Teddy bear monitoring device for sleeping kids earns provincial honour for former NAIT students
10, Oct, 2023
EDMONTON, Oct. 10, 2023 – Is there a warm, fuzzy approach to ensuring a sleeping child’s well-being? An all-women former team of NAIT biomedical engineering technology students has identified it, transforming a teddy bear into a device that can monitor a sleeping child and inform the parents of specific problems that could impact quality of sleep.
For their invention of Night Knight, former NAIT teammates Denise Alinsasaguin, Paulina Deng and Nicolette Angara have been nominated for the provincial 2023 Capstone Project of the Year Award, which is presented annually by the Association of Science and Engineering Technology Professionals of Alberta (ASET).
Effectively a smart teddy bear, Night Knight houses a circuit board and has sensors attached. It’s Bluetooth®-enabled, lightweight, portable, kid-friendly, and is intended to sit on a child’s bedside table to alert parents via a smartphone app of potential sleep issues. Designed to monitor children ages four to 10, it offers advanced features, such as movement detection, and humidity and ambient room temperature sensing.
Sleep is an essential building block for a child’s mental and physical health. According to SleepFoundation.org with information from the American Academy of Pediatrics, sleep challenges affect 25 to 50 per cent of children and impact alertness and attention, cognitive performance, mood, resiliency, vocabulary acquisition, and learning and memory. When a child does not receive the required amount of sleep, trouble with paying attention, mood swings, and behaviour and learning problems will result.
Motion sensors on Night Knight detect sleeping movements. For example, abnormal movements may indicate that the child is experiencing discomfort. The app will compile movement detection data to assess the child’s average sleeping motion. Maintaining an ideal sleeping environment is also important. When the ambient room temperature exceeds 24C or dips below 19C, the Night Knight app will sound an alarm to notify the parents.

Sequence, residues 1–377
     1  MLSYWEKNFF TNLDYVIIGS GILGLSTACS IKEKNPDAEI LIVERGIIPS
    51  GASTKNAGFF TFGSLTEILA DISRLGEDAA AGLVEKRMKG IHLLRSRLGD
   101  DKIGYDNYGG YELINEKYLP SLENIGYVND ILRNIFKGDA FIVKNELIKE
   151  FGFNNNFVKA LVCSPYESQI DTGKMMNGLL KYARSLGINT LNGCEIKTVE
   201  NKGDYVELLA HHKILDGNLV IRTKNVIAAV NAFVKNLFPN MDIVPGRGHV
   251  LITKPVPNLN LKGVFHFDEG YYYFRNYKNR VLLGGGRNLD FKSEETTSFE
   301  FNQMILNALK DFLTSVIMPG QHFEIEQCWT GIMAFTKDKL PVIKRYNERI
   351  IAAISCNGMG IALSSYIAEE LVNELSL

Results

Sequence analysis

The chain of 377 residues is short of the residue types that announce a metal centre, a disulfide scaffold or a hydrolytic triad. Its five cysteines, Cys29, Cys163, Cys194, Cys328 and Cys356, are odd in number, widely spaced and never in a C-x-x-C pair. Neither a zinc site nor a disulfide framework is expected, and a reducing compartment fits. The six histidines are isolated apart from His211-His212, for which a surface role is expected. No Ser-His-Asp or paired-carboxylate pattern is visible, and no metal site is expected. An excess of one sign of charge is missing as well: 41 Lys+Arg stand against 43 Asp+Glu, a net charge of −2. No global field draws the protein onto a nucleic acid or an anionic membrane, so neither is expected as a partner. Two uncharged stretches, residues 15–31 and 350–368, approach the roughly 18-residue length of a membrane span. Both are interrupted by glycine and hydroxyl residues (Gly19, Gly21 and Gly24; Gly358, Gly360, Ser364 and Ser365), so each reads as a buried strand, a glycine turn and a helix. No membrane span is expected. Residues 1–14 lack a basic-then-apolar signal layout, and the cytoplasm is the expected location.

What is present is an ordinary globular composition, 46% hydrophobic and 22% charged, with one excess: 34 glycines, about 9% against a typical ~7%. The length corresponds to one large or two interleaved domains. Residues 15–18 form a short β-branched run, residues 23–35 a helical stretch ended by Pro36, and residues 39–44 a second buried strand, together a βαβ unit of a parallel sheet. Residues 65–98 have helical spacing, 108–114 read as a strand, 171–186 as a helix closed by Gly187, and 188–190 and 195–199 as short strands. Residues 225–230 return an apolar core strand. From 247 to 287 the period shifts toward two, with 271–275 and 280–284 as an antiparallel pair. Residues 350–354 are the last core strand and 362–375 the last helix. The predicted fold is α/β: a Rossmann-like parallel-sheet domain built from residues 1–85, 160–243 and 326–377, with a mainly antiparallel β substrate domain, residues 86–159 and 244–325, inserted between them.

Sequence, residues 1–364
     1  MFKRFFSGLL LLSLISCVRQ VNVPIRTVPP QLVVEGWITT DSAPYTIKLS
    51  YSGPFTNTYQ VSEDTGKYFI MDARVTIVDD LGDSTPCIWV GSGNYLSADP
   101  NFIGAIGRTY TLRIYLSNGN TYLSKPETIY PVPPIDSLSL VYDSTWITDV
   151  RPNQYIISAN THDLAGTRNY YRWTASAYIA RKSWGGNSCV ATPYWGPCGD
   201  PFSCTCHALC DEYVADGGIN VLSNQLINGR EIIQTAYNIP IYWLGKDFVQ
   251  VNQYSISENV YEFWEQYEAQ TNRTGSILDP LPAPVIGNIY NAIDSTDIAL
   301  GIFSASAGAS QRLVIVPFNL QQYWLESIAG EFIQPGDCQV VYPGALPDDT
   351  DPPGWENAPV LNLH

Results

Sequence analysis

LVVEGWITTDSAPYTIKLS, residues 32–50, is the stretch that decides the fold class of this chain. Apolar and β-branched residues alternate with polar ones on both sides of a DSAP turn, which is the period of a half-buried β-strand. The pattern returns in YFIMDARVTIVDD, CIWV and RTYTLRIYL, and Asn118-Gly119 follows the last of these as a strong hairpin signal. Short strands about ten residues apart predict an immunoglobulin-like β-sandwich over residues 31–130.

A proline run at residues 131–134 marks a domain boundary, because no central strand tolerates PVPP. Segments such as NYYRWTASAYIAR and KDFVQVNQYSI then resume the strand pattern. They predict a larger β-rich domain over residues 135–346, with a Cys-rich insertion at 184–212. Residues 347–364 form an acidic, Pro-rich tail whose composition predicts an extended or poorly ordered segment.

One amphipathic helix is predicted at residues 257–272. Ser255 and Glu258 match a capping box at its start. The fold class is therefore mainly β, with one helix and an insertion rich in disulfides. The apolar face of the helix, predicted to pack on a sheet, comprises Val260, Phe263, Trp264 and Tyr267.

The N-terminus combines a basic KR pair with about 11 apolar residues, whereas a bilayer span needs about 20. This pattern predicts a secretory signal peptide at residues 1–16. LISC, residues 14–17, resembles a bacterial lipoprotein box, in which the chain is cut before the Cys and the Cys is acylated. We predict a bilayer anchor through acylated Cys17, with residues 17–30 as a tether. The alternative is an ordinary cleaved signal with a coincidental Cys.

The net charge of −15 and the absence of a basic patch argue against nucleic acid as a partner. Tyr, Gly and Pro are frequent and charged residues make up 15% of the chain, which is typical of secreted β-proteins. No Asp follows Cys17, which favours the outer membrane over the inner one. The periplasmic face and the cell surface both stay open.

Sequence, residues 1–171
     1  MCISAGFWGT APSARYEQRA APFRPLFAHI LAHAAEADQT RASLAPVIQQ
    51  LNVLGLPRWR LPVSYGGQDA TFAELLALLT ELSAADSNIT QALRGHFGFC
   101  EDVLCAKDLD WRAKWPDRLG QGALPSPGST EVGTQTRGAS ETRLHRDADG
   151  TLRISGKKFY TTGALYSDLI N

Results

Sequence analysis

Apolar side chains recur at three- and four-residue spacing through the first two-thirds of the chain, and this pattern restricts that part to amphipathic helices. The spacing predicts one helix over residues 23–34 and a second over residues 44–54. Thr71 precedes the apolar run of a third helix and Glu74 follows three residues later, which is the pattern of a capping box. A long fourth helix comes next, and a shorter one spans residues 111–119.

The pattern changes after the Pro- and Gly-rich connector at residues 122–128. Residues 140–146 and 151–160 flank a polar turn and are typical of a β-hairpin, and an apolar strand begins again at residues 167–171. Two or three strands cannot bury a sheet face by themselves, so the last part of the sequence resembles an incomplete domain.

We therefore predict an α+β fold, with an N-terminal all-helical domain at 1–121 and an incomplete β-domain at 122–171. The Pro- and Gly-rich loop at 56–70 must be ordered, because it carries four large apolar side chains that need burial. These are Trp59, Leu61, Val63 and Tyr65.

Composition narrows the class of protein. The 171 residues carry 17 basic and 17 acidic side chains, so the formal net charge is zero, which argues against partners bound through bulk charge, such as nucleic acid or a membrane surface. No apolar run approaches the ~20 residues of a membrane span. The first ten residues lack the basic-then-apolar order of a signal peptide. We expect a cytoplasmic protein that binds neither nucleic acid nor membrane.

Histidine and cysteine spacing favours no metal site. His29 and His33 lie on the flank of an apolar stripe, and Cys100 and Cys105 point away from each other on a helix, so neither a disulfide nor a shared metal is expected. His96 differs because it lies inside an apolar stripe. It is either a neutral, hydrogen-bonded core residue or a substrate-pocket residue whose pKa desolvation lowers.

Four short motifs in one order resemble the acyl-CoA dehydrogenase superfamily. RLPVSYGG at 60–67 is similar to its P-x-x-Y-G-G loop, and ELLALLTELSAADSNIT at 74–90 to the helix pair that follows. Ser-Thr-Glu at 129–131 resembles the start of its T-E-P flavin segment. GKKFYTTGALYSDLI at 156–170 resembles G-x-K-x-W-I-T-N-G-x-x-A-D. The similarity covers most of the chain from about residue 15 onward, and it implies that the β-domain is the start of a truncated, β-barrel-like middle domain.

“One of the great benefits of Night Knight is that tired, overworked parents will be able to sleep better at night and with less worry, knowing that their child’s sleep movements and comfort are being monitored,” said Alinsasaguin.
“The merging of a child’s toy with a practical and useful health-related function holds promise for similar applications in the medical field, especially where the safety and welfare of children are concerned,” said ASET CEO Barry Cavanaugh.
The former NAIT team’s project is one of nine finalists for the 2023 ASET Capstone Project of the Year Award. The winning project will be announced at the end of this month.
The Capstone Project of the Year Award was established by ASET in 2017 in response to overwhelming member interest in stories about Capstone Projects undertaken by teams of engineering technology students from NAIT, SAIT, Red Deer Polytechnic, and Lethbridge College as part of their end-of-program requirements.
ASET is the professional self-regulatory organization for engineering technologists and technicians in Alberta. ASET currently represents over 17,000 members, including full-time technology students, recent graduates and fully certified members in 21 disciplines and more than 120 occupations across a multitude of industries.
Michele Penz, Calico Communications for ASET